TAXSMITH, LLC – What To Do With Foreign Income When Filing Taxes?

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TAXSMITH, LLC – What To Do With Foreign Income When Filing Taxes?

Taxsmith tax attorneys and the IRS reminds U.S. citizens and residents who lived or worked abroad in 2012 that they may need to file a federal income tax return. If you are living or working outside the United States, you generally must file and pay your tax in the same way as people living in the U.S. This includes people with dual citizenship.

Here are some tips taxpayers with foreign income should know to avoid IRS tax problems…

1. Report Worldwide Income. The law requires U.S. citizens and resident aliens to report any worldwide income. This includes income from foreign trusts, and foreign bank and securities accounts.

2. File Required Tax Forms. In most cases, affected taxpayers need to file Schedule B, Interest and Ordinary Dividends, with their tax returns. Some taxpayers may need to file additional forms. For example, some may need to file Form 8938, Statement of Specified Foreign Financial Assets, while others may need to file Form TD F 90-22.1, Report of Foreign Bank and Financial Accounts, with the Treasury Department.

3. Consider the Automatic Extension. U.S. citizens and resident aliens living abroad on April 15, 2013, may qualify for an automatic two-month extension to file their 2012 federal income tax returns. The extension of time to file until June 17, 2013, also applies to those serving in the military outside the U.S. Taxpayers must attach a statement to their returns explaining why they qualify for the extension.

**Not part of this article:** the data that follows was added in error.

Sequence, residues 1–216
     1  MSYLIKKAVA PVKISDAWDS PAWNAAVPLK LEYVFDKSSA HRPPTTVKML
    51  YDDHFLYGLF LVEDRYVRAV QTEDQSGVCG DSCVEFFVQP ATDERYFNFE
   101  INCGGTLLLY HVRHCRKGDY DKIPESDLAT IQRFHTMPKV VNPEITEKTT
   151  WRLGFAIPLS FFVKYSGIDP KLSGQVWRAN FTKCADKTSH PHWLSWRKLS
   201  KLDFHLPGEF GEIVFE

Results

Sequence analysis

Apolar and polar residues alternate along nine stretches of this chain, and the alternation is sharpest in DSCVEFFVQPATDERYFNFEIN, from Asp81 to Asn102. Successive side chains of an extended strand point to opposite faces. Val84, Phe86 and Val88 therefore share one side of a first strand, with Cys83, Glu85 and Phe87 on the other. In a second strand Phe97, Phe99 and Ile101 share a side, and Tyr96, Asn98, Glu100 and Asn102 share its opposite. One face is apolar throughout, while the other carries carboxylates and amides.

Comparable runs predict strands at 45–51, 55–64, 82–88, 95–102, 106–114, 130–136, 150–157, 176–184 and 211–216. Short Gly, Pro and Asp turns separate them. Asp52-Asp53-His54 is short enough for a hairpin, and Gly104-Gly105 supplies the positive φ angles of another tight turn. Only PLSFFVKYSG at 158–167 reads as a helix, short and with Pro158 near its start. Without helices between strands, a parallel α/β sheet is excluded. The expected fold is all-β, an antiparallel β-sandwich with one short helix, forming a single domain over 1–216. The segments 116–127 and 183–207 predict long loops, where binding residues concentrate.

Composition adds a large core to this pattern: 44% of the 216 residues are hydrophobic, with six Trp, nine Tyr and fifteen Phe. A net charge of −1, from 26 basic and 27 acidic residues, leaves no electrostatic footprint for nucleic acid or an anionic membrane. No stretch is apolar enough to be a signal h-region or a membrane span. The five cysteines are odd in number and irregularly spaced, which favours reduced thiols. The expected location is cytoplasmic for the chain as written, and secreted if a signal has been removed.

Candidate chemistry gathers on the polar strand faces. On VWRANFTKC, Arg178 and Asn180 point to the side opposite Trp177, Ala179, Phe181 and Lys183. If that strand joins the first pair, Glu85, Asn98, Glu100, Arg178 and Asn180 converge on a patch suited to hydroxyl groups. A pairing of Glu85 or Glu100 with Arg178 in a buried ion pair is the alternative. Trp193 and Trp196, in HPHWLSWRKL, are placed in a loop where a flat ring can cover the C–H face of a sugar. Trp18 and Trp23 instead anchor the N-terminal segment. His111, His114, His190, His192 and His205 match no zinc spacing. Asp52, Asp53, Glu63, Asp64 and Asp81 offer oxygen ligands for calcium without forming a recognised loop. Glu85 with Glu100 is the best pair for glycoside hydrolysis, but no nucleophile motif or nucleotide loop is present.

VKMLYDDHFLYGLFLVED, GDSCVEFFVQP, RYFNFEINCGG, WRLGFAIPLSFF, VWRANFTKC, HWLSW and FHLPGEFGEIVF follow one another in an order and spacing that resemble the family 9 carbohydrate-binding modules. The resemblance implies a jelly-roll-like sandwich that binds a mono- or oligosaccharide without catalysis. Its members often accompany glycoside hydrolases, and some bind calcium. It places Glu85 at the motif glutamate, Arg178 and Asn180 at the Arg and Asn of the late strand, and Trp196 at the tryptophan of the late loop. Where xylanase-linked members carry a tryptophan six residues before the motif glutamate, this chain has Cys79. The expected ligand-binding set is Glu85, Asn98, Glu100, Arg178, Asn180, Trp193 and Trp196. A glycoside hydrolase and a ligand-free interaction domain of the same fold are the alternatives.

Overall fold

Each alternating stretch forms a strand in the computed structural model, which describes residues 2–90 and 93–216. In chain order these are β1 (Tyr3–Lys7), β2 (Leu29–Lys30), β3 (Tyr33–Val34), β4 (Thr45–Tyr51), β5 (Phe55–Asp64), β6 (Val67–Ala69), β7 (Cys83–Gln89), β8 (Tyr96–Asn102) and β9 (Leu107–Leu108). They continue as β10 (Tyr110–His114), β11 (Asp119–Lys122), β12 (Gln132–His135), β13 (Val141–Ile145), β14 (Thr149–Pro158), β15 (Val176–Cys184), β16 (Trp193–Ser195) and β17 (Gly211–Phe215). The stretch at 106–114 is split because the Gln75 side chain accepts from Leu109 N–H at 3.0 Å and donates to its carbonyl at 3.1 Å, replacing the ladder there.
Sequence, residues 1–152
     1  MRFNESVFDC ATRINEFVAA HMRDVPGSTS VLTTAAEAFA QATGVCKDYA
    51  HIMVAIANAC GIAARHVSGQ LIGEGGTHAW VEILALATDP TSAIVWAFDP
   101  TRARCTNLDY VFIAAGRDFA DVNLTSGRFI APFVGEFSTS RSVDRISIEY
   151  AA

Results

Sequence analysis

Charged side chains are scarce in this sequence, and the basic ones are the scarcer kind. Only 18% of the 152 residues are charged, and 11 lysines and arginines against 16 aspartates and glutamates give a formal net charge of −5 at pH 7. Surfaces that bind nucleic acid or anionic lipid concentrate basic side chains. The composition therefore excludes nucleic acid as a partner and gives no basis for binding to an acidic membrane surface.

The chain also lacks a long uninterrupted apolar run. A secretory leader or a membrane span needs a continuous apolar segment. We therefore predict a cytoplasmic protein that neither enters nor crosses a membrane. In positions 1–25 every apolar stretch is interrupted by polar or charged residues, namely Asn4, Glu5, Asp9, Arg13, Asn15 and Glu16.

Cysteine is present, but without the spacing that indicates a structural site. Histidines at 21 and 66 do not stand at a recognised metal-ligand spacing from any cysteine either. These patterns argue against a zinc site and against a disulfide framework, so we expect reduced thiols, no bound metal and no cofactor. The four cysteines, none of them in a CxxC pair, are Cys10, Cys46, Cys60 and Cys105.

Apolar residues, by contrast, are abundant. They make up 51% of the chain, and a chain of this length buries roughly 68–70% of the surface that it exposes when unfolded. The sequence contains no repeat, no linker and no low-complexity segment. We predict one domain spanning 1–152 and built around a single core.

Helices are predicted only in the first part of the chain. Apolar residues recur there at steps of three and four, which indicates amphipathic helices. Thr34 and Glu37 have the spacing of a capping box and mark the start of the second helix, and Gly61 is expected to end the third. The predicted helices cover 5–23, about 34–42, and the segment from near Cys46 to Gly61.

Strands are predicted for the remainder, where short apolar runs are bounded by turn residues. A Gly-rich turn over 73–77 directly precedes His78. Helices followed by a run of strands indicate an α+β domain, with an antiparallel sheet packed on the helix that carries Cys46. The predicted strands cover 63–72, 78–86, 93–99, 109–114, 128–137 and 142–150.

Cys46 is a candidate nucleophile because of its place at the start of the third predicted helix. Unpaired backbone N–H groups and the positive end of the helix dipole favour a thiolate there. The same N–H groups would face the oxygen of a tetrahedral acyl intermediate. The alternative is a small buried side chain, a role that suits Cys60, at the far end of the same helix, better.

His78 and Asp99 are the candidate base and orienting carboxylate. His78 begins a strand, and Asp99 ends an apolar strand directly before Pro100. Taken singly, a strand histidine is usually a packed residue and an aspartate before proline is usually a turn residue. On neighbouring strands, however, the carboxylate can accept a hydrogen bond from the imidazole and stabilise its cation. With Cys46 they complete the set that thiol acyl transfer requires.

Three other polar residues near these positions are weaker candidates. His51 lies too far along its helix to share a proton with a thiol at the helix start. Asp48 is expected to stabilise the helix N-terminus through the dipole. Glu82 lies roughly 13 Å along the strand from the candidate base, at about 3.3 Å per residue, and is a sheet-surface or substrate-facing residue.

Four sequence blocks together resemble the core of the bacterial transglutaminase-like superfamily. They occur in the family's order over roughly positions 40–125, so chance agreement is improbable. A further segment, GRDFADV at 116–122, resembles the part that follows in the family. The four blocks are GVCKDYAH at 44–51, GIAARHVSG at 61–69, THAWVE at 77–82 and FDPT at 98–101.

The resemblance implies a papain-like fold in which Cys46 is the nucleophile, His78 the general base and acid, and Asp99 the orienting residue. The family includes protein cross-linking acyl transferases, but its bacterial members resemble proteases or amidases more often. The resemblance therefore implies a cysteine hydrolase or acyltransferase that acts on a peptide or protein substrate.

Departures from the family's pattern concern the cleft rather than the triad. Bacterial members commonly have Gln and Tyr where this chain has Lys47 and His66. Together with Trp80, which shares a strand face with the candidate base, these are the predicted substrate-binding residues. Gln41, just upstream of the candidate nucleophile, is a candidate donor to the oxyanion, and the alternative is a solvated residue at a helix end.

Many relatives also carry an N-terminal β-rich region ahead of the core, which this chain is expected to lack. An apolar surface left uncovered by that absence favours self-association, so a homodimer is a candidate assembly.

4. Review the Foreign Earned Income Exclusion. Many Americans who live and work abroad qualify for the foreign earned income exclusion. This means taxpayers who qualify will not pay taxes on up to $95,100 of their wages and other foreign earned income they received in 2012. See Forms 2555, Foreign Earned Income, or 2555-EZ, Foreign Earned Income Exclusion, for more information.

5. Don’t Overlook Credits and Deductions. Taxpayers may be able to take either a credit or a deduction for income taxes paid to a foreign country. This benefit reduces the taxes these taxpayers pay in situations where both the U.S. and another country tax the same income.

The tax attorneys at Taxsmith, LLC at here to answer any and all questions that you may have whether or not it applies to home office deductions or something else. We will help you resolve IRS tax debt problems through the expertise of our income tax lawyers. Please contact us directly at 888.741.0272 or at info@taxsmith.com. We look forward to battling the IRS with you as your Tax Burden Rescue Team!